9. Leadership: Equipping indigenous leaders who reproduce indigenous leaders who reproduce indigenous leaders
10. Unflinching Evaluation: Focus on End Vision
CPM (Church Planting Movements)—A “rapid and multiplicative increase of indigenous churches planting churches within a given people group or population segment.”[x] Groups of baptized believers reproducing at least four streams wide, each at least four generations deep. Often the result of a DMM or T4T approach.
DMM (Disciple Making Movements)—A strategy of gathering people to study and obey God’s Word with the DNA of rapidly reproducing churches present from the start, such that disciples reproduce disciples, churches birth new churches, and leaders reproduce leaders. One methodology that leads to CPMs.
T4T—A process of mobilizing and training believers to evangelize the lost, disciple new believers, start small groups or churches, develop leaders, and train these new disciples to do the same. Discipleship is understood as both obeying God’s Word and training others. The goal is every generation of believers training trainers, who train trainers. One methodology that leads to CPMs.
Disciple-Making—Loving and obeying Jesus and teaching others to do the same.
CPM Catalyst—A person called to help ignite a movement. The catalyst, whether expatriate or near culture Christian, is used by God to raise up and coach the indigenous leaders of a movement. Catalysts can be called the “zero” generation (with the first group of believers from the focus group counted as “first” generation).
Person of Peace—An unbelieving cultural insider who welcomes the messenger and their message into their home and community (based on Luke 10 and Matthew 10).
Oikos—New Testament word usually translated “house” or “household.” May include relatives and/or close friends.
Discovery Group (DG)/Discovery Bible Study (DBS)—A DG/DBS is a group discussing the Bible, guided by simple questions that encourage loving and obeying God. DG is the preferred term when participants are not yet believers.
Facilitator—One who invites discovery by asking questions without providing answers. In many cultures this requires a shift from traditional group dynamics.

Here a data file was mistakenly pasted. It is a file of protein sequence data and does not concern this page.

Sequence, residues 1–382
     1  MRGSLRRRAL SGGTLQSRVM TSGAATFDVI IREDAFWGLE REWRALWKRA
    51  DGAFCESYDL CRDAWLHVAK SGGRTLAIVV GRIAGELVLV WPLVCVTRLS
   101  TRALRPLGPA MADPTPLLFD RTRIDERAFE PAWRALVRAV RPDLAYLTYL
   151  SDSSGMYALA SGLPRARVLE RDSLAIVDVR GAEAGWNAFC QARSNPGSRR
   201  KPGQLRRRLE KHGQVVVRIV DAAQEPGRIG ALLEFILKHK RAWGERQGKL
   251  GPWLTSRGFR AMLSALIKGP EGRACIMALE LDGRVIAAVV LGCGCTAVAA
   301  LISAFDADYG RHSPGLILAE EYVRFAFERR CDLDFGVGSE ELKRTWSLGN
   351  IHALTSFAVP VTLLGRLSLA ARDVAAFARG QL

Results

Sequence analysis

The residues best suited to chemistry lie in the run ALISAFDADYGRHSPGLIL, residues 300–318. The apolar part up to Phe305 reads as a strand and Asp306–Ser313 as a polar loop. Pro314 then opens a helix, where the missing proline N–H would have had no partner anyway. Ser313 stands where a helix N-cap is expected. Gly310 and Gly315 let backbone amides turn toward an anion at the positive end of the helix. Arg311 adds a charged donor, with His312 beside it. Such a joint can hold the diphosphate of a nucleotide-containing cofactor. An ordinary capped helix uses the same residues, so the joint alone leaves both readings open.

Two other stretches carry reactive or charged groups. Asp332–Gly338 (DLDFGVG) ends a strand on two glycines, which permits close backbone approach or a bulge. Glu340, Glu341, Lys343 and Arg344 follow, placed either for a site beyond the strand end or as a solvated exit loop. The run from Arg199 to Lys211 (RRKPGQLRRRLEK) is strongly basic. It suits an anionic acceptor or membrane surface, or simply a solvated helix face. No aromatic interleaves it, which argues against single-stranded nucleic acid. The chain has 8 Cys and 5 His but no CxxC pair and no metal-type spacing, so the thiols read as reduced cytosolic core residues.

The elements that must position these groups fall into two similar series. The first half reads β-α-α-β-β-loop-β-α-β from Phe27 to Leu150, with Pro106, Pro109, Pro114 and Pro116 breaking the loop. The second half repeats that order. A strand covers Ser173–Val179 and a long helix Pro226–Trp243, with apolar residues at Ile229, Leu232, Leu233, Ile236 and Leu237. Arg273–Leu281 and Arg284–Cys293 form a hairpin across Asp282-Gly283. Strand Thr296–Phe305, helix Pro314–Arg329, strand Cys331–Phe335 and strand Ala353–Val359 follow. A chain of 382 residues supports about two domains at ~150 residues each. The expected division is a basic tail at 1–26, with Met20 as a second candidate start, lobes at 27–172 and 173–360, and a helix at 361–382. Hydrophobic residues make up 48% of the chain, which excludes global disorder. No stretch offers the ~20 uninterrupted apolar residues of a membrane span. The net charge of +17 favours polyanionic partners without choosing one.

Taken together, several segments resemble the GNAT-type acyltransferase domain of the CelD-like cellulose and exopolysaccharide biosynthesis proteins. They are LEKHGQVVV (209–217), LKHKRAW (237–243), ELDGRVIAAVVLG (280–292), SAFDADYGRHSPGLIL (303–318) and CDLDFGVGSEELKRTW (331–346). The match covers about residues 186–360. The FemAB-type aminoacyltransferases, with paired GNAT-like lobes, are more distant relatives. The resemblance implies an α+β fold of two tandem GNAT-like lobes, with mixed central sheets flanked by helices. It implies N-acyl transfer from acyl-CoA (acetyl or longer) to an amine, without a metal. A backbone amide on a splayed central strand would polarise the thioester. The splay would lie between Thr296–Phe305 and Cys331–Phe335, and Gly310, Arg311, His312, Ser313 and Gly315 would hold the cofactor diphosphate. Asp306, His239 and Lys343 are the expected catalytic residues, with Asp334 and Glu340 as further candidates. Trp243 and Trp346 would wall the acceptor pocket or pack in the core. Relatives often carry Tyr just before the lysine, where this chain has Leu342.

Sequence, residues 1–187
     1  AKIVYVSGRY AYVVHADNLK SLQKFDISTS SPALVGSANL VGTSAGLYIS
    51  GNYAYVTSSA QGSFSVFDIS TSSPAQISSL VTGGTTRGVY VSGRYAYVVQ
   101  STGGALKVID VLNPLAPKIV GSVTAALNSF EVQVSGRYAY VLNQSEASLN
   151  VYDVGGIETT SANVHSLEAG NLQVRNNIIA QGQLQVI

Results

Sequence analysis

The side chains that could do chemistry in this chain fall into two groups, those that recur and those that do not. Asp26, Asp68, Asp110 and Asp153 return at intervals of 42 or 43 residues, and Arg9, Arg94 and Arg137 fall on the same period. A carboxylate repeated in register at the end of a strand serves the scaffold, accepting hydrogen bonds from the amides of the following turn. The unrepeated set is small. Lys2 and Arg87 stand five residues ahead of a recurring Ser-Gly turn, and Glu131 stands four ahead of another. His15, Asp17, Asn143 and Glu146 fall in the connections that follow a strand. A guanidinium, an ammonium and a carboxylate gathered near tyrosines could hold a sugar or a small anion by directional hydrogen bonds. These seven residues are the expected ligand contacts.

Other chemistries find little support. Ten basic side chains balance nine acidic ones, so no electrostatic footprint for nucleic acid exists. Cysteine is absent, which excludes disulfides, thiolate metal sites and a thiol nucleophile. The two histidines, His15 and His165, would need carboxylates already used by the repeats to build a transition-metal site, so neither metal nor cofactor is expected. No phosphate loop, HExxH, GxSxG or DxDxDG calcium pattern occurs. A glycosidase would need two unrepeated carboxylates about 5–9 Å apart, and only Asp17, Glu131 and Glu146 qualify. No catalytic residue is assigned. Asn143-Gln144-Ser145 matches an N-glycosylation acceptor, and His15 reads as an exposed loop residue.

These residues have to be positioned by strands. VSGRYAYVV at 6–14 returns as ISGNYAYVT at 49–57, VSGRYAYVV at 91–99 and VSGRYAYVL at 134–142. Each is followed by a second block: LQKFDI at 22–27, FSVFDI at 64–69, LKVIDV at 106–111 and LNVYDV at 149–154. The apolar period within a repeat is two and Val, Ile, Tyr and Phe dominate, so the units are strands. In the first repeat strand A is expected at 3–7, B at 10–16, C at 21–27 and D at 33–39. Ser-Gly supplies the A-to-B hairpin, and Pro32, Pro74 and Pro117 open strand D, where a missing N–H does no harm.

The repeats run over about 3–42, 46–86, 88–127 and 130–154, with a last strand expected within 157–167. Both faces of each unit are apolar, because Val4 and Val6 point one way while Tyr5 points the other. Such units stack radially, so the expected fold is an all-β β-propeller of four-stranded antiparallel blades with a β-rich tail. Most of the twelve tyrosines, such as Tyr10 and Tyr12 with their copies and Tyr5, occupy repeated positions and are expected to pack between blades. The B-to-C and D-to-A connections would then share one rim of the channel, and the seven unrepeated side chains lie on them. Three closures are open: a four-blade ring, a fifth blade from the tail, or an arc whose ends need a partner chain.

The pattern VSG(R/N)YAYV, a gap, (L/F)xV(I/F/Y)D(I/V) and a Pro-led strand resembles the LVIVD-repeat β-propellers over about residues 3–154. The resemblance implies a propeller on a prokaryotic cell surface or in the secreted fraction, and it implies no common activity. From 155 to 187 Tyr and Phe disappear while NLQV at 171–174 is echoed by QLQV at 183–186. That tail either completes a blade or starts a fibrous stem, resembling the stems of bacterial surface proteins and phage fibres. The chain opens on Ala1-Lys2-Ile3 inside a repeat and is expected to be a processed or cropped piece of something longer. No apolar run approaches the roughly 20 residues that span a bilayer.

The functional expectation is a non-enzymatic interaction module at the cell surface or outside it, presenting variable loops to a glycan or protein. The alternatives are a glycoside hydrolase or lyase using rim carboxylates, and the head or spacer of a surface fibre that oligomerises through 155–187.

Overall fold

Church—A group of baptized believers seeking to obey all Jesus taught, meeting regularly for encouragement, fellowship, and worship, and seeking to make disciples who make disciples and grow into all the biblical functions of rapidly reproducing churches.
 In a speech at the Urbana 1973 mission conference: https://youtu.be/ApD_KjcdNak?t=4m23s
[ii] Competence means being well equipped to accomplish the vision. In this case, have female missionaries become disciple makers who intentionally make disciples as a lifestyle pattern? Have they had the various aspects of the CPM process modeled for them? Have they learned how to train and coach female near-culture local partners?
[iii] The technical term unevangelized is defined by the World Christian Encyclopedia. justinlong.org/2015/01/unreached-is-not-unevangelized-is-not-unengaged
[iv] World Christian Encyclopedia, David Barrett, George Kurian, Todd Johnson, Eds. 2001, ISBN:0195079639, p. 2: 538.
[v] “Christianity 2015: Religious Diversity and Personal Contact,” pages 28, 29. gordonconwell.edu/resources/documents/IBMR2015.pdf from Status of Global Christianity, 2015, January 2015, International Bulletin of Missionary Research, Vol. 39, No. 1.
[vi] Underground Church Movements: The Surprising Role of Women’s Networks by Rebecca Lewis, International Journal of Frontier Missions (21:4 Winter 2014:p. 145–150): ijfm.org/PDFs_IJFM/21_4_PDFs/Role_of_Women.pdf
[vii] Garrison, David. A Wind in the House of Islam. Published by WIGTake Resources. P.O. Box 1884, Monument, CO. 80132. ChurchPlantingMovements.com/bookstore
[viii] Reprinted in 1997 MissionFrontiers.org/issue/article/a-church-in-every-people
[ix] For an in-depth comparison and contrast see “T4T or DMM (DBS)?—Only God Can Start a Church-Planting Movement”–a two-part series in the Jan/Feb and May/Jun 2015 issues of Mission Frontiers.